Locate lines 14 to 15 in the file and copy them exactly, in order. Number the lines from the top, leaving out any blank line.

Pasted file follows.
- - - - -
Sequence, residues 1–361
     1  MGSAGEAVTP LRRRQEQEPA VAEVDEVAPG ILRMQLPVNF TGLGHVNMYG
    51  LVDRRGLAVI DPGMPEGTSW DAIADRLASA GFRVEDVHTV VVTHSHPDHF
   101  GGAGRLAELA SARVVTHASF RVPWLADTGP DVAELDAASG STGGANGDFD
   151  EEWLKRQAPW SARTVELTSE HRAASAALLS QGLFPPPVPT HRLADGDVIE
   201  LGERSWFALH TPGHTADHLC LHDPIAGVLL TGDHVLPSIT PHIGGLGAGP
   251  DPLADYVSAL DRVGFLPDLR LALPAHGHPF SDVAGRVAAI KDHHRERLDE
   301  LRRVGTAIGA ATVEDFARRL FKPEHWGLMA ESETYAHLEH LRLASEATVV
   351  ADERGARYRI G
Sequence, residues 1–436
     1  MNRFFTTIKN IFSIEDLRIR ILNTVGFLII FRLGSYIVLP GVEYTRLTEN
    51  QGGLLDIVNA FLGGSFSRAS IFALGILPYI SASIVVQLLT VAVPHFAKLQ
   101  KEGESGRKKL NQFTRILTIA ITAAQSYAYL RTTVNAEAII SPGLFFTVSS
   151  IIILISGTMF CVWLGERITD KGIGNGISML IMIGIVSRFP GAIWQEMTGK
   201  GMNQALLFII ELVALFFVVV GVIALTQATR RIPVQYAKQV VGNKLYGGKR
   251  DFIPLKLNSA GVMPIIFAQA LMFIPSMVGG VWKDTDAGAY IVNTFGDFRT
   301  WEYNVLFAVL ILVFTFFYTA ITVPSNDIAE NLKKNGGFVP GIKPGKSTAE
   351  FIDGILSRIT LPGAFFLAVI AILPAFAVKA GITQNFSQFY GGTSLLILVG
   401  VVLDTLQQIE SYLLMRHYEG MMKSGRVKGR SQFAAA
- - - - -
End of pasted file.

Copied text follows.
   151  IIILISGTMF CVWLGERITD KGIGNGISML IMIGIVSRFP GAIWQEMTGK
   201  GMNQALLFII ELVALFFVVV GVIALTQATR RIPVQYAKQV VGNKLYGGKR